incapacity benefit, a figure which puts Scots well above the UK
The worst affected area is Glasgow where one in five are claiming
the benefit.
Source:- Scotland on Sunday 25 January
£5m care home plan to tackle

The first of four new care homes designed to end bed-blocking in
Scotland is set to open by the end of next year.
Sites in Edinburgh have been identified for two of the new homes,
with the council planning to build the first in Lochend Park and
the second on the site of a former primary school in
Source:- Scotland on Sunday 25 January
Investigation as violent acts in schools soar past

Figures due to be published this week are likely to show that the
number of violent incidents against school staff is more than 6,000
for the first time.
Education minister Peter Peacock is set to launch an investigation
aimed at finding out whether disruption in schools is becoming more
violent and widespread.
Source:- Sunday Herald Sunday 25 January
Scots families wrongly accused of abuse
At least 12 parents in Scotland have been accused of having the
discredited condition Munchausen’s syndrome by proxy, and as
a result 19 children have been taken into care.
The figures will fuel calls for the Scottish executive to hold a
public inquiry on children taken into care amid fears that hundreds
of mothers have been wrongly accused of child abuse or
Scottish lawyers are urging a complete overhaul of the child
protection system following concerns about the use of expert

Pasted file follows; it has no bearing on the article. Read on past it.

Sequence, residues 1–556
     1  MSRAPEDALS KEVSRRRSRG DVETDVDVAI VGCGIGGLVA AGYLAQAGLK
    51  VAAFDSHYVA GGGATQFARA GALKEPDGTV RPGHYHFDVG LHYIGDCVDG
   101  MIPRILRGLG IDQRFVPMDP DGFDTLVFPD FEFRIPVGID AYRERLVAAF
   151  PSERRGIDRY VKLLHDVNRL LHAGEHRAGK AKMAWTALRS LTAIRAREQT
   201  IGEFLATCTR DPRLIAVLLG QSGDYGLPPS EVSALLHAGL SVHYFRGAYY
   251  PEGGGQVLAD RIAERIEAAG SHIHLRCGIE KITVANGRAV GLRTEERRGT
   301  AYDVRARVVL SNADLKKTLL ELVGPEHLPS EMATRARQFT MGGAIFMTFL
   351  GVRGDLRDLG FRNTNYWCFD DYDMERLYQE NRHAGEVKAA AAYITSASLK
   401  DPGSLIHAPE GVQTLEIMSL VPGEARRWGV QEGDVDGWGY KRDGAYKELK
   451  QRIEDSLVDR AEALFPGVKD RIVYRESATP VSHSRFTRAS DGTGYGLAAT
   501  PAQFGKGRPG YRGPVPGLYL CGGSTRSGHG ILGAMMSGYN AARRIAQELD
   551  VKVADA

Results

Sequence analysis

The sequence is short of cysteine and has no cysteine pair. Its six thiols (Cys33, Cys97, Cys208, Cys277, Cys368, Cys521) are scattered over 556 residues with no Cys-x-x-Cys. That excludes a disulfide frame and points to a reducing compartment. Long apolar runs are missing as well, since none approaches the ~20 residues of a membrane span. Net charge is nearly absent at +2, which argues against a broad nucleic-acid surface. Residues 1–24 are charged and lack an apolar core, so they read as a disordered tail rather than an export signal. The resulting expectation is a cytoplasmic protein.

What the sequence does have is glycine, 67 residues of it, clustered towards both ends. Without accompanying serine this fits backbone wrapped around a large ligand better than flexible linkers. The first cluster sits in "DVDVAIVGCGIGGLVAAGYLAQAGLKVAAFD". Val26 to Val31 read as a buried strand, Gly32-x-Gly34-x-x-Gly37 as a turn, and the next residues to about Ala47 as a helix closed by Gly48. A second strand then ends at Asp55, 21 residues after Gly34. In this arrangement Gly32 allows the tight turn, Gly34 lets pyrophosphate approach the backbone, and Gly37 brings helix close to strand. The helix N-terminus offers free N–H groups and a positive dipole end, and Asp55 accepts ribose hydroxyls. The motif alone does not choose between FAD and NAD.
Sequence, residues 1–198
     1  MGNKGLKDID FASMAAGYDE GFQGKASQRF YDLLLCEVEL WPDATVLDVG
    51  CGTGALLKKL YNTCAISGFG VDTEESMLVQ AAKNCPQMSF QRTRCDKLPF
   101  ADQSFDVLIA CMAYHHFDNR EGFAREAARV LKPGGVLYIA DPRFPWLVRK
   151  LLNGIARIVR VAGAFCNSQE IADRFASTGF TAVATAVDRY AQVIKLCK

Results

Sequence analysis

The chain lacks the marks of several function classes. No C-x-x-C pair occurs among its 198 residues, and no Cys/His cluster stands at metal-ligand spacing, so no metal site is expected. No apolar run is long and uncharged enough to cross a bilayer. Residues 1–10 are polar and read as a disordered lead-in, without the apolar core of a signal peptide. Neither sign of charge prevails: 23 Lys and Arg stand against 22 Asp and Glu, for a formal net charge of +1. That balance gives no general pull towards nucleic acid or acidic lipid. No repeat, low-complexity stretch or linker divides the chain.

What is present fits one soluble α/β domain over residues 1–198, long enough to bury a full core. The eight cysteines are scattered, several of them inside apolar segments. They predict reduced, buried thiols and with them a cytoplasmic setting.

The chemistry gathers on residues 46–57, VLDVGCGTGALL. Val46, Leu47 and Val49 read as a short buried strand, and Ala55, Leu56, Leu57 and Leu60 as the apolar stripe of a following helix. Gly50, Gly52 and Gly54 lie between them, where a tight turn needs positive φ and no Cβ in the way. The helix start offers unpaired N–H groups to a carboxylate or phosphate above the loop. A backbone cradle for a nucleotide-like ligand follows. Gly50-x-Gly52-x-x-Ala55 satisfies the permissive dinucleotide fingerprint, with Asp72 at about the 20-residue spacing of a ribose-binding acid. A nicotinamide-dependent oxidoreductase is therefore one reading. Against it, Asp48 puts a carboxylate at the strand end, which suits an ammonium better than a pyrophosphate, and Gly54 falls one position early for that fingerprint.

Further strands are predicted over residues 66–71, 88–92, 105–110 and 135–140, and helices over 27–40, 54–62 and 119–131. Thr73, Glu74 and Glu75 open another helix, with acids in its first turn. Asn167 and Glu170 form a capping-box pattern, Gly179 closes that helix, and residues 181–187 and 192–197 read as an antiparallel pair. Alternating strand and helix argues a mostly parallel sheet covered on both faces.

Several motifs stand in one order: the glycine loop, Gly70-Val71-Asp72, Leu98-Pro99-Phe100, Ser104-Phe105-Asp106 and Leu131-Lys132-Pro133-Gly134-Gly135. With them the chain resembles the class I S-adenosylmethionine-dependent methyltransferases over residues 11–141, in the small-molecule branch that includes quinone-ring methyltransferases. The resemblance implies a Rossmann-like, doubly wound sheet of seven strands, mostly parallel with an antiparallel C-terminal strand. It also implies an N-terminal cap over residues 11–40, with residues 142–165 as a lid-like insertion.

witnesses who have diagnosed parents with Munchausen’s
syndrome by proxy.
Source:- The Scotsman Monday 26 January
Asylum seekers to share student flats
Teenage asylum seekers will be housed alongside students under
proposals by a Scottish council.
Under the Glasgow Council and Campus Ltd scheme, 87 beds in a block
of student flats in Maryhill would be used to house asylum seekers.
Social work and other support staff would be based on the
Previously unaccompanied minors aged between 16 and 18 years have
been housed in bed and breakfast accommodation, residential homes
and YMCAs.
The project is aimed at reducing the social isolation felt by
teenagers and it is hoped it will help asylum seeking children to
integrate into society by living alongside people of a similar
Source:- The Herald Monday 26 January
Disabled man left stranded by airline ban
A disabled man was left stranded 300 miles from home after airport
staff refused to allow him to travel.
Barry Smith, who has cerebral palsy, was forced to return to
Scotland by train after eastJet staff told him he could not fly
back to Glasgow alone.
Smith was returning from a two-week holiday at a disabled centre
when he was left stranded at East Midlands airport.
Last night the airline acknowledged they had made a “huge
error”, and offered Smith and his mother free return flights
on any of the airline’s routes.
An easyJet spokesperson said they would use the case to put
together an improved policy for disabled travellers.
Source:- Daily Record Monday 26 January
Welsh newspapers
‘I refused to hit back so I was deemed

A half-page feature looking at the experience of a male victim of
domestic abuse. He explains the trauma and isolation of living with
domestic abuse and the lack of support for men who live with
violent partners.
Source:- Western Mail Monday 26 January page 2
Internet babies couple challenge Arnie
The Welsh couple who tried to buy twins over the internet are
taking on Arnold  Schwarzenegger in another adoption battle.
Judith and Alan Kilshaw are planning a £4 million lawsuit
because they claim that the babies that they unsuccessfully tried
to adopt were ‘sold’ twice by a California-based
Judith Kilshaw is also hoping to become a US citizen, and would
like to try to adopt again in the future.
Source:- Western Mail Monday 26 January page 2